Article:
The curious child: How curiosity helps with learning

Every teacher loves it when children ask questions and then start exploring the answers. Their minds are awake, they sit up in attention and their curiosity is piqued. The lights are on. When kids are curious, they are far more likely to stay alert and engaged.

So why is curiosity so important, and why does it make the brain so stimulated? According to a study from the University of California, when we become curious our brain chemistry changes, which helps us to learn and retain information.

The brain is a fascinating organ. Every day we are faced with mountains of information, but even those with excellent memories will remember just a fraction of what they were exposed to. So why is it that we remember some things and forget others?

The science behind curiosity and learning
Charan Ranganath, a researcher in the study, was ‘curious’ to find out why some information is easy to retain and some is not. To analyse this, they selected 19 volunteers and asked them to sit through more than 100 trivia questions. These questions were anything from “Which Beatles single lasted the longest on the chart at 19 weeks?” to “What does the term ‘dinosaur’ mean?”

The volunteers were then asked to rate the questions in terms of how curious they were about the answers. After this process, study participants reviewed the questions and answers while their brain activity was monitored using an MRI machine. The researchers discovered that when an individual’s curiosity was aroused, the parts of the brain that regulate pleasure and reward fired up. There was also increased activity in the hippocampus, which is where memories are created.

When we are stimulated, this part of our brain lights up and dopamine releases, which gives us a type of high. Dopamine is a chemical that is released when we are exposed to a variety of pleasurable or dangerous activities such as receiving rewards, money, gambling, taking certain drugs or sugary foods. Thankfully, it is also released when we are curious. When this happens, it improves the connections in the brain required for learning (the limbic system), making it easier for us to learn.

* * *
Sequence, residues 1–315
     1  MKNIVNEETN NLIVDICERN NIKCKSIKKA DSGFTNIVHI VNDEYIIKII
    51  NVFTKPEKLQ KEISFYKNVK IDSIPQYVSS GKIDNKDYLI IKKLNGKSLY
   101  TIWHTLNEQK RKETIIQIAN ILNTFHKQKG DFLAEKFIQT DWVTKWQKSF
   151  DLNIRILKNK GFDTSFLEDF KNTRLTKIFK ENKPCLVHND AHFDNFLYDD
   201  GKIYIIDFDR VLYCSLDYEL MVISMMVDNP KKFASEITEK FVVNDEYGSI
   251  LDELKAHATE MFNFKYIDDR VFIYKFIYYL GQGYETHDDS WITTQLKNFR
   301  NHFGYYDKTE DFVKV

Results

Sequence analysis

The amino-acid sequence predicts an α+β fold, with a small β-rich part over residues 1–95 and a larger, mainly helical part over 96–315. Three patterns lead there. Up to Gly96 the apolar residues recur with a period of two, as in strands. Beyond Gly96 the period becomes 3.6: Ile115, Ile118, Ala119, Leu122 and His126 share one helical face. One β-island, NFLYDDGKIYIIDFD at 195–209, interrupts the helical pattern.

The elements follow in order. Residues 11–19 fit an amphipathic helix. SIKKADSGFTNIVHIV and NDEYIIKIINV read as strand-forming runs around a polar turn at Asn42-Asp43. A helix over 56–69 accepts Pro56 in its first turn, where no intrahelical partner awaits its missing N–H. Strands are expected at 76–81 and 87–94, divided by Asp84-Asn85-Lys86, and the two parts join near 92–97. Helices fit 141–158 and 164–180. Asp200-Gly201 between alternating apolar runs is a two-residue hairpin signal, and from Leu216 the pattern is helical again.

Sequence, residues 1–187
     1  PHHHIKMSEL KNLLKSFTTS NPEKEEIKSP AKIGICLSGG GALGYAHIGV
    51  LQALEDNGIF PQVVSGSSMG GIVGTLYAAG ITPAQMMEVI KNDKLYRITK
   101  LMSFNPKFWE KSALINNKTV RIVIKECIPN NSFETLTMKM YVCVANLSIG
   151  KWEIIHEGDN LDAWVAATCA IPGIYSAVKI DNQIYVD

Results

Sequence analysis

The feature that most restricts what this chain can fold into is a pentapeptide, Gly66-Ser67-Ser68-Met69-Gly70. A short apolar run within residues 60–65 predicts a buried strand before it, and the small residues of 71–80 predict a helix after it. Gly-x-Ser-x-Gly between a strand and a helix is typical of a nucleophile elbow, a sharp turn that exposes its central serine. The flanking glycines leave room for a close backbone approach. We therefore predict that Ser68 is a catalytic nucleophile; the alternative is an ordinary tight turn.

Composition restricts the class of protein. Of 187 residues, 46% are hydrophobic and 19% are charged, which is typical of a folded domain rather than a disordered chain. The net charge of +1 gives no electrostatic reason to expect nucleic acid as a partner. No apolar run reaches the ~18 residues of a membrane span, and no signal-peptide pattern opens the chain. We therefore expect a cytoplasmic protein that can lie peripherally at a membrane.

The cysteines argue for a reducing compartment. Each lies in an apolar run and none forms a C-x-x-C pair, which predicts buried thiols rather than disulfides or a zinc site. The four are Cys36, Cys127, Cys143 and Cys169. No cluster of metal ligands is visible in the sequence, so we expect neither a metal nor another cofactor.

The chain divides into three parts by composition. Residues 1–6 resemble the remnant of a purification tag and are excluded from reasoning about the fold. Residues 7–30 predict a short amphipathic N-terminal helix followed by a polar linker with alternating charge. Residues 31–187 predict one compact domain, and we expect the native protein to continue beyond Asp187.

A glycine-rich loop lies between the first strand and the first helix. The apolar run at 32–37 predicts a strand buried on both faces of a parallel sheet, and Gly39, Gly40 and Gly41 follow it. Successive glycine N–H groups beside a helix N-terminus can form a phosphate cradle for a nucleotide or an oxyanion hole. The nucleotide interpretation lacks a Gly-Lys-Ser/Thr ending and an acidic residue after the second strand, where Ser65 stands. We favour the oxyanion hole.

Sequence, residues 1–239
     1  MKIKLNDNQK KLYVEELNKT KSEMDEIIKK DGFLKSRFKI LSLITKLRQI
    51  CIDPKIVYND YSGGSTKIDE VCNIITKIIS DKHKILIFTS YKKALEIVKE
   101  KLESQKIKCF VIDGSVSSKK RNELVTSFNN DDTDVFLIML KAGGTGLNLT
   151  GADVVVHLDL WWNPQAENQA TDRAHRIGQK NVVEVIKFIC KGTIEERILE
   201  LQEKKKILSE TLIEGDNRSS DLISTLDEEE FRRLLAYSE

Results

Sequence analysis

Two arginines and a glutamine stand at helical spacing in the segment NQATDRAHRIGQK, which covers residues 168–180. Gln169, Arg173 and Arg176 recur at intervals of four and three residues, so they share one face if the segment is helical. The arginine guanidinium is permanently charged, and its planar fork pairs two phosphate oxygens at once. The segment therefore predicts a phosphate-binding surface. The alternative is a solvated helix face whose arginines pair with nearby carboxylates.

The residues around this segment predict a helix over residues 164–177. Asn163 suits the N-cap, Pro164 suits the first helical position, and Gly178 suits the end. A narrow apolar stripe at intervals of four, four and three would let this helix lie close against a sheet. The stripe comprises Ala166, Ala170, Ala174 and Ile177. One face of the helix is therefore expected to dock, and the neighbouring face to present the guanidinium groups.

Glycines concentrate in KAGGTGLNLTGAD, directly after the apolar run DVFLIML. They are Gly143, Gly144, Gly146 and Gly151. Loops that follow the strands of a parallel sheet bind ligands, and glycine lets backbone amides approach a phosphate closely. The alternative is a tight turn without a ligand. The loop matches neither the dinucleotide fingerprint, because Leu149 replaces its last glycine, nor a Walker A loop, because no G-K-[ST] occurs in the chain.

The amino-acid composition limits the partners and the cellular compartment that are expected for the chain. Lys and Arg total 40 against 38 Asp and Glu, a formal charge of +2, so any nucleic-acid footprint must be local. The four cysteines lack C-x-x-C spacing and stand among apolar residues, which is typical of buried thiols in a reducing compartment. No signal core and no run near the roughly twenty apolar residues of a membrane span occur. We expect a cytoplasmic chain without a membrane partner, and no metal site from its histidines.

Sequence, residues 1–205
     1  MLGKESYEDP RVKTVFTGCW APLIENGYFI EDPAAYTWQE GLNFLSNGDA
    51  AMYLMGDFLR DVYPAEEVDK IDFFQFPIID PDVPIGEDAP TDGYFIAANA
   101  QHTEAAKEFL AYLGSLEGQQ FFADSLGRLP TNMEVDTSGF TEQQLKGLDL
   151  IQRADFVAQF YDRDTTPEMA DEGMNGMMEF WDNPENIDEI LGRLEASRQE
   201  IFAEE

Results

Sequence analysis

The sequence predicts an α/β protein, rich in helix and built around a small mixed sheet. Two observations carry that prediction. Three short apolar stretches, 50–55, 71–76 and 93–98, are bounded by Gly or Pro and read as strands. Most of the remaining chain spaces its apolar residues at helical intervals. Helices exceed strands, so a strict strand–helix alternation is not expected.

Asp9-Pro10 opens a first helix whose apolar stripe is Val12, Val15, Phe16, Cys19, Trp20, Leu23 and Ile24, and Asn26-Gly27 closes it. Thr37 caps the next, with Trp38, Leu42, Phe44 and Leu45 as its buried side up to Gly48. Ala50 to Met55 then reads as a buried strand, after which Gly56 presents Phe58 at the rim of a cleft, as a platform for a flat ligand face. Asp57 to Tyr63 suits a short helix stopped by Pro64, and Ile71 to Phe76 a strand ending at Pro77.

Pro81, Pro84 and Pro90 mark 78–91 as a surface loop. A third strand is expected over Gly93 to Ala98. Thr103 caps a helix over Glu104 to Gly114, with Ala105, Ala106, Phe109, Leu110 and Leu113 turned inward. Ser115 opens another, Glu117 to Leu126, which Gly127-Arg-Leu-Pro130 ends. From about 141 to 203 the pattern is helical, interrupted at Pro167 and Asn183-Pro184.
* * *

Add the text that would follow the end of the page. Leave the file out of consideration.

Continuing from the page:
How does this help with getting children to learn?
Curious children learning process - Sage Child CareStimulate children and pique their curiosity, and you will enable them to learn more easily and to retain the information. What’s more, the study confirmed that curiosity helps with remembering the more boring information, too. For example if a child is in a class which they find stimulating and they are inspired, and then move straight into a less interesting class, their brains will continue to be more receptive to understanding and recalling the information in the second class.

Some teachers use this process by inspiring children with interesting questions that will get them excited before launching into a less stimulating activity. A teacher may ask a string of questions about a favourite subject to get kids thinking and stimulated. Then, when the kids are on their ‘learning high’ the teacher can introduce a more complex concept that is important to remember – with positive results!

For many teachers, this is something they’ve been intuitively aware of and have been practising for years. Now though, it’s been tested and backed up by science!

Sage Institute of Child Care – it’s more than a job, it’s a rewarding career.

Vicki Tuchtan

Vicki Tuchtan

Vicki Tuchtan is the Academic Director at Sage Institute of Education. She oversees learning processes, teaching outcomes, resources and course development. A passionate advocate for bettering standards of training in Australia, she is currently writing her PhD thesis on defining quality training in the Australian vocational education sector.
Vicki Tuchtan

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